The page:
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Linear motor railgun hits 1,000 firings
Published:  01 November, 2011

US researchers have notched up 1,000 firings of an electromagnetic railgun – effectively, a linear motor designed to launch missiles. The US Navy is hoping to use these guns to launch long-range weapons on future all-electric warships.

The railgun is being developed and tested at the US Naval Research Laboratory (NRL) Materials Testing Facility. At present, it is being used for about 15 test firings (like the one shown above) each week.

A railgun is a form of single-turn linear motor. Magnetic fields generated by high currents in parallel conductor rails, accelerate a sliding conductor (the armature) between the rails. The velocity generated by the system is limited by the strength of the rail and armature materials, and their response to the high currents and extreme pressures generated during launch.

Many of the 1,000 test shots fired using the NRL’s Materials Testing Facility railgun have been designed to test different barrel designs and to quantify the damage caused during high-power launches.

The heat generated during launches is sufficient to melt most metals, including the armature material. This heat and the extreme pressures can damage the rail surface and destroy the contact surfaces and the gun barrel. The NRL researchers have pioneered several barrel and armature designs to minimise or mitigate this damage, even during successive high-power launches.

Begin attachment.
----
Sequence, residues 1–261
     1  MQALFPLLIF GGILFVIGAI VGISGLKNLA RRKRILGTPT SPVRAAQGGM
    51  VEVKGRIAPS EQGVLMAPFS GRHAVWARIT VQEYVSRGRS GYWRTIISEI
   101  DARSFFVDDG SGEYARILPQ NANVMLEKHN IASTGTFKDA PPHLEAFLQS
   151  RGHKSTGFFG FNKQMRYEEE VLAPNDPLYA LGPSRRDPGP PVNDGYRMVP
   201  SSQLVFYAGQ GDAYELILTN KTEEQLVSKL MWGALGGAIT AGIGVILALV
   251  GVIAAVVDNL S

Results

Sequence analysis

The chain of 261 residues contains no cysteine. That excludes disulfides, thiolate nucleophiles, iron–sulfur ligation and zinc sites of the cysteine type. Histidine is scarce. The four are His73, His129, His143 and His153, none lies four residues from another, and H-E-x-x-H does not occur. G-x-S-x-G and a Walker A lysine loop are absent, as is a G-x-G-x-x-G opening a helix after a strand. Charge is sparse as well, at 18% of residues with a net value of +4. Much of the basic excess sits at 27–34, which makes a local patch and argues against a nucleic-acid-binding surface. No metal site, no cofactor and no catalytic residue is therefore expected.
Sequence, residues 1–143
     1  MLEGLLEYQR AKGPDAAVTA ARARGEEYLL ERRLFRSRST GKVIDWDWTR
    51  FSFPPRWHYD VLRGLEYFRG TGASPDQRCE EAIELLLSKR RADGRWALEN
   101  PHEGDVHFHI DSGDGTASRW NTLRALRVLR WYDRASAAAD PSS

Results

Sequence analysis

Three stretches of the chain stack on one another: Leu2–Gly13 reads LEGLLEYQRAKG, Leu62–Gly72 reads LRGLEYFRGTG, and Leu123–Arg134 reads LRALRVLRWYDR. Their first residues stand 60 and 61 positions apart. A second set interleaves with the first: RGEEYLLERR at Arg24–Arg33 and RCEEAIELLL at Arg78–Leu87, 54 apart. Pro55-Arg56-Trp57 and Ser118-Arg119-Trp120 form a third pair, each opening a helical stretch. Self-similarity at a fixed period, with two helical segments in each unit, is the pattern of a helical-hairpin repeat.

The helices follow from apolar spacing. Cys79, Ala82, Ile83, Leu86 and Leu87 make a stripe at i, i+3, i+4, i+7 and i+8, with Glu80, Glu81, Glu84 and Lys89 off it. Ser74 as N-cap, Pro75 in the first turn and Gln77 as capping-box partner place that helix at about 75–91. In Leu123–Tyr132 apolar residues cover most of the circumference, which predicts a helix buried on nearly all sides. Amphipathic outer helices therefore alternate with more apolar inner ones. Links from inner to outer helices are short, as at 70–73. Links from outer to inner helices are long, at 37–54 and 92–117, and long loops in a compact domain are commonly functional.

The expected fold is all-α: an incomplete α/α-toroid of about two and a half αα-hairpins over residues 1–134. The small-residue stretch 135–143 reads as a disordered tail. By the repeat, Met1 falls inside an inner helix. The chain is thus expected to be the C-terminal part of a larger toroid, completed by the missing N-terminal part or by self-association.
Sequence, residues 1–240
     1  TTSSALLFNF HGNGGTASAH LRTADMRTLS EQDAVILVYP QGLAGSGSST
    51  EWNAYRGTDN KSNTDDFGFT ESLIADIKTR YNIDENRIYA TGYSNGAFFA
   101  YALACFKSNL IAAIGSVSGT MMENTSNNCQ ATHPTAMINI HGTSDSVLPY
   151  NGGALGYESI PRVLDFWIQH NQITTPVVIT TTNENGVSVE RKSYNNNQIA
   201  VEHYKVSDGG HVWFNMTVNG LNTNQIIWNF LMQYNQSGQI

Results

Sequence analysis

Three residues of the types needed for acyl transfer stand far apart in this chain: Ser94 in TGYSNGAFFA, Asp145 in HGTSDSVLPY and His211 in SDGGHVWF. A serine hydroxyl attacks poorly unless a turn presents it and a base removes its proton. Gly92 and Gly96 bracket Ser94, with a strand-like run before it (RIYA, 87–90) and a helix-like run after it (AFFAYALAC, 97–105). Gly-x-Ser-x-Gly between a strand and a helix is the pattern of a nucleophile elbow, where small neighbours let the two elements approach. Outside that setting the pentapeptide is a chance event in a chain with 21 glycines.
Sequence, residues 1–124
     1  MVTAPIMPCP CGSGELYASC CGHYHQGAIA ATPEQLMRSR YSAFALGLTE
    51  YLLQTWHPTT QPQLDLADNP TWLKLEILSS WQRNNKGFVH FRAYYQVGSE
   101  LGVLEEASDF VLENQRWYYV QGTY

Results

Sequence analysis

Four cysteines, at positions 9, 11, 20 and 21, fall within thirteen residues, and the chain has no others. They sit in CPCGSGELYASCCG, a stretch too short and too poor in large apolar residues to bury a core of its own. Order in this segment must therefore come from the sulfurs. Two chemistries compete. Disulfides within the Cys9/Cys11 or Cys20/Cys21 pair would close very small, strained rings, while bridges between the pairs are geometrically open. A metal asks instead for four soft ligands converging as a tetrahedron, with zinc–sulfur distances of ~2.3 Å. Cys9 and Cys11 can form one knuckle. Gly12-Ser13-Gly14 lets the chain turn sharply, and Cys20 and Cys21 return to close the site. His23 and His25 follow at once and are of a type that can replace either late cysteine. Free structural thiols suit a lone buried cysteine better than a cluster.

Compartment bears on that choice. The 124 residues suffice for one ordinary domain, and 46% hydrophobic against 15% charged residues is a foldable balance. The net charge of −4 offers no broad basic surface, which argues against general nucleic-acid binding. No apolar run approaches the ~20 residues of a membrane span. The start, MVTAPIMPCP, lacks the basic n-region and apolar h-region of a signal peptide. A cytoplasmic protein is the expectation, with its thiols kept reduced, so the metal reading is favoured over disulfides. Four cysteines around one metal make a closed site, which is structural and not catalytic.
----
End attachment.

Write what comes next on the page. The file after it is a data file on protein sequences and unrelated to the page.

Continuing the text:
When the NRL’s railgun was first fired in March 2007, it produced 0.5 megajoules of energy. Since then, the system has been modified and enhanced and now operates at around 1.5MJ. (A 1-tonne object moving at 160km/h has about 1MJ of kinetic energy.)

“A railgun weapons system must be able to launch hundreds of projectiles and withstand extreme pressures, currents and temperatures,” says the NRL’s commanding officer, Capt. Paul Stewart. “The firing of the one-thousandth shot demonstrates Navy researchers are steadily progressing toward achieving that goal, developing a more effective and efficient future ship combat system.”

Knowledge gained from the railgun testing programme is being fed into an electromagnetic railgun programme being run by the US Office of Naval Research, which is conducting full-scale railgun tests at the Naval Surface Warfare Center in Virginia.

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